Raccoons tests positive for rabies in Andes and Bovina

PRESS RELEASE

FOR IMMEDIATE RELEASE

May 18, 2018
Contact: Heather Warner, PH Programs Manager
Tel. (607) 832-5200 | heather.warner@co.delaware.ny.us
Raccoons tests positive for rabies in Andes and Bovina

Two raccoons have tested positive for rabies, one in the town of Andes and one in the town of Bovina. These are the first animals in Delaware County to test positive for rabies in 2018.
One dog was exposed to a confirmed rabid raccoon in the town of Andes, there were no human exposures. Vaccination records of the dog indicated the animal was not up to date their rabies vaccinations. The animal has begun a 6 month quarantine following the New York State Department of Health guidelines.
In Bovina one person was bitten by a confirmed rabid raccoon. The person has begun Rabies Post Exposure Treatment.
“There have been additional reports to the health department in other areas of the county about strange acting raccoons, but no human or domestic animal exposures were reported in those instances”, states Heather Warner, PH Programs Manager. “Getting your pet vaccinated by your vet or at a free clinic can help stop the spread of rabies from wild animals to humans”.
An exposure to rabies can be fatal for a human or a pet. Vaccination of pets and other animals represents the best preventive measure available. Be a responsible pet owner by keeping your pet’s vaccinations current. Public Health recommends that pet owners take advantage of any of the free remaining rabies clinics in Delaware County.

  • May 23, 2018 from 6PM-8PM, at the Town of Stamford Garage, 60187 St. Hwy 10, Hobart, NY 13788
  • June 6, 2018 from 5PM-7PM at the Town of Tompkins Highway Garage, 8586 State Hwy 206, Trout Creek, NY 13847
  • June 13, 2018 from 6PM-8PM at the Town of Walton Highway Garage,25901 State Hwy 10, Walton, NY 13838
  • July 11, 2018, from 5PM-6:30PM, 6292 River Road, Downsville, NY 13755
  • July 17, 2018 from 6PM-8PM, Town Clerk Building, 3 Elm St, Deposit, NY 13754
  • July 18, 2018 from 6PM-8PM, Delhi Fire Hall, 140 Delview Terrace Ext, Delhi, NY 13753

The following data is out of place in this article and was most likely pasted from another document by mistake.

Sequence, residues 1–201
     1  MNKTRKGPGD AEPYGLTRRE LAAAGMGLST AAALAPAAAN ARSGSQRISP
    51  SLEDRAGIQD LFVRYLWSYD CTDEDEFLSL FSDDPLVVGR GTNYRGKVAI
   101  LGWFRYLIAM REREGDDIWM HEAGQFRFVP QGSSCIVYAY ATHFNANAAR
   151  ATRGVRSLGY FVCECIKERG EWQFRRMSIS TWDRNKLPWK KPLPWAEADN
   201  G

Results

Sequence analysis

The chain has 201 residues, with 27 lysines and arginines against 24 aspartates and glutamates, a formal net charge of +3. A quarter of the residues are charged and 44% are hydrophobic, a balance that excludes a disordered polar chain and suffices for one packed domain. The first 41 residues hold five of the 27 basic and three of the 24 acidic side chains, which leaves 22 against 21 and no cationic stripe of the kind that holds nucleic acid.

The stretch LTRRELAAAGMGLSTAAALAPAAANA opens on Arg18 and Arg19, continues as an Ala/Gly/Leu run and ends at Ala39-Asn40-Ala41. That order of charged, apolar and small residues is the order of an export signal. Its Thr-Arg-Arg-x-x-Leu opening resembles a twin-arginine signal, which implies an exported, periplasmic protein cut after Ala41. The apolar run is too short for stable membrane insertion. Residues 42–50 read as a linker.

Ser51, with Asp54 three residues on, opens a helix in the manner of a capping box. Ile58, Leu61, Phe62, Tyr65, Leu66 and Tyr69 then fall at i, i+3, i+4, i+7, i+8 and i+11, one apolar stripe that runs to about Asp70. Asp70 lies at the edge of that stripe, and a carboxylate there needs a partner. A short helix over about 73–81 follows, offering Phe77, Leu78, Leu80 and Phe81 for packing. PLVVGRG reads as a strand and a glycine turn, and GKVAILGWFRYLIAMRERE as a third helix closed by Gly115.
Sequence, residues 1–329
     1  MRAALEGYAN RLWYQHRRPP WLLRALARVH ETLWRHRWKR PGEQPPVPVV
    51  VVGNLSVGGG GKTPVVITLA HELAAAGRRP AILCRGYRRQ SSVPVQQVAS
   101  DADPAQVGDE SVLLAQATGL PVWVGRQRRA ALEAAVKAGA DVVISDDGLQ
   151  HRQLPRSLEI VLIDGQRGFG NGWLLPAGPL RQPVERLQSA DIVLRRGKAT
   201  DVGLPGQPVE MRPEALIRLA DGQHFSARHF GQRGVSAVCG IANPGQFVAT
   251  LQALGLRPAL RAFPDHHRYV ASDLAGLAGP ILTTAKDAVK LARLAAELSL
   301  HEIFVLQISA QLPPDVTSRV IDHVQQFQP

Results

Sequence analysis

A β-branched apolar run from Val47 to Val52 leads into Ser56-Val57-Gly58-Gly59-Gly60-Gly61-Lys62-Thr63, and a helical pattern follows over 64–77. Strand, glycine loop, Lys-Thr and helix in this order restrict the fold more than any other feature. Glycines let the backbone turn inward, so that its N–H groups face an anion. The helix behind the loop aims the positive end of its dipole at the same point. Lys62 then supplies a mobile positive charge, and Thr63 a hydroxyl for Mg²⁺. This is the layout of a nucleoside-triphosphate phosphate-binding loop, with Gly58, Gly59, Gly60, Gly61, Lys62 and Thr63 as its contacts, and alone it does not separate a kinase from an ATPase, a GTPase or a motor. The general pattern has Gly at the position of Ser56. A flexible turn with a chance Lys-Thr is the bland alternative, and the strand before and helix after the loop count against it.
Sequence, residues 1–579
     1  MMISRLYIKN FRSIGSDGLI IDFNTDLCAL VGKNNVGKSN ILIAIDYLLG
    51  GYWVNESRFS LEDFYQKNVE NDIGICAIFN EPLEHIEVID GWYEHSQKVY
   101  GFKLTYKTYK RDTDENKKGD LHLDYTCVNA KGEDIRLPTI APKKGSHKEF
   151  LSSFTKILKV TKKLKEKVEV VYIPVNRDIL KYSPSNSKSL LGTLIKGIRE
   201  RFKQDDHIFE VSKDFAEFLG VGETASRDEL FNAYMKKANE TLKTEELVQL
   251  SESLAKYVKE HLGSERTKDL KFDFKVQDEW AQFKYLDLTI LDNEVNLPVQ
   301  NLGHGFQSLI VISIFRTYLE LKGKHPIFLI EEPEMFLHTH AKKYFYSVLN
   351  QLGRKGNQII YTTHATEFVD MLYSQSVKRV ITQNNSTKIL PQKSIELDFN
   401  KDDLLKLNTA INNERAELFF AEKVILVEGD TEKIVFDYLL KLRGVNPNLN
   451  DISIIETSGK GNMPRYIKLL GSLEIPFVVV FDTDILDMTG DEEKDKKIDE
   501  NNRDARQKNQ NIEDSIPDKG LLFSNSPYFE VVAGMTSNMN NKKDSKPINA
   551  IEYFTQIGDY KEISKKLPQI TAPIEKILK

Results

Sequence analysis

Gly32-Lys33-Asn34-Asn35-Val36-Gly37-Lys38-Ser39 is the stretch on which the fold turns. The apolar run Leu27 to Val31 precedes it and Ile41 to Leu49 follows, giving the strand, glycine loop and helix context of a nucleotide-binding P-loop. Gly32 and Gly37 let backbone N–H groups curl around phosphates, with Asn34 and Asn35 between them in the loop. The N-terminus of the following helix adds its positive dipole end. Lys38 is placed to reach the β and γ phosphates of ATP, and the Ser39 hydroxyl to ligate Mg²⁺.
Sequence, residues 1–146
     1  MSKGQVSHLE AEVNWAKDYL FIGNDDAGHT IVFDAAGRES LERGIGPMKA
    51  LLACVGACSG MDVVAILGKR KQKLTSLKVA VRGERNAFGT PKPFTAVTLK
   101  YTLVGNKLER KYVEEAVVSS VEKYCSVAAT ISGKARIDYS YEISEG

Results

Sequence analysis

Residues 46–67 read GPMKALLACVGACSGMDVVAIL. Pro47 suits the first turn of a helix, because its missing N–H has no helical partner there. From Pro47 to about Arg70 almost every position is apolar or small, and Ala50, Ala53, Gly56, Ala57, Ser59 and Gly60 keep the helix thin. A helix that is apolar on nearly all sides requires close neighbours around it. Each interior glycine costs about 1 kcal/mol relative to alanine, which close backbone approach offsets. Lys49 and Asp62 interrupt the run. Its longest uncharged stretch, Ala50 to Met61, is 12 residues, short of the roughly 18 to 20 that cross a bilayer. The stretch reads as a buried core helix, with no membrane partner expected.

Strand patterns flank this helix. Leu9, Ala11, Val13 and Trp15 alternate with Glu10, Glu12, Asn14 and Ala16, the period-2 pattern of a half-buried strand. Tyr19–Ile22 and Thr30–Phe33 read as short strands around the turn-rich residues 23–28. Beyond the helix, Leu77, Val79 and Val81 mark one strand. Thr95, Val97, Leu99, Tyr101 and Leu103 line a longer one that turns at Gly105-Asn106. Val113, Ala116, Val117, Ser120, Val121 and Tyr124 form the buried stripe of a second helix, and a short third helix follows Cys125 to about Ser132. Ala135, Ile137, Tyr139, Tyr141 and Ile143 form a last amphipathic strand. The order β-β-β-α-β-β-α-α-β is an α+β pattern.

• August 8, 2018 from 5PM-7PM, Masonville Fire Hall, 15488 NY-8, Masonville, NY 13804
  • August 22, 2018 from 5PM-7PM, Franklin Fire Hall, 351 Main St, Franklin, NY 13775
  • September 12, 2018 from 5PM-7PM, Sidney Fire Station, 74 River St, Sidney, NY 13838
  • October 17, 2018 from 6PM-8PM, Delhi Fire Hall, Delview Terrace Ext, Delhi, NY 1375

Once infected, rabies is a virus that has 100% fatality rate when left untreated, in mammals including humans. Public Health recommends the following precautions to protect yourself and your family from possible exposure to rabies:

  • Once infected, rabies is a virus that has 100% fatality rate when left untreated, in mammals including humans. Public Health recommends the following precautions to protect yourself and your family from possible exposure to rabies:
  • Report any sick or strange acting wildlife
  • Vaccinate pets and livestock. New York State law requires that all dogs, cats and ferrets be vaccinated against rabies by 4 months of age. Vaccinating your domestic animal not only provides protection for the animal, but vaccinated pets act as a barrier to keep the rabies virus from spreading between wild animals and people.
  • Vaccination is also recommended for livestock with frequent human contact.
  • Do not feed wildlife or stray animals and discourage them from seeking food near your home.
  • Do not feed strays. According to Public Health Law an owner is defined as any person keeping, harboring, or having charge or control of or permitting any dog, cat or domesticated ferret to remain on or be lodged or fed within such person’s house yard or premises.
  • Do not approach an unknown animal, either wild or domestic, especially if it is acting in a strange or unusual manner.
  • Report all animal bites and any contact with bats to the Health Department in your county. Human rabies can be prevented after exposure by administering a series of shots.
  • Keep garbage cans tightly covered and avoid storing any food outside.
  • Children should be instructed to tell an adult immediately if they were bitten or scratched by any animal.
  • If an unvaccinated pet comes in contact with rabid or suspected rabies the pet must be quarantined for six months.
  • Vaccinated pets that come in contact with rabid or suspected rabies animal must be given a booster rabies vaccination within five days of the contact.

To report a suspected rabid animal call Delaware County Public Health Services at 607-832-5200. For more information call 607-832-5200 or visit our website at www.delawarecountypublichealth.com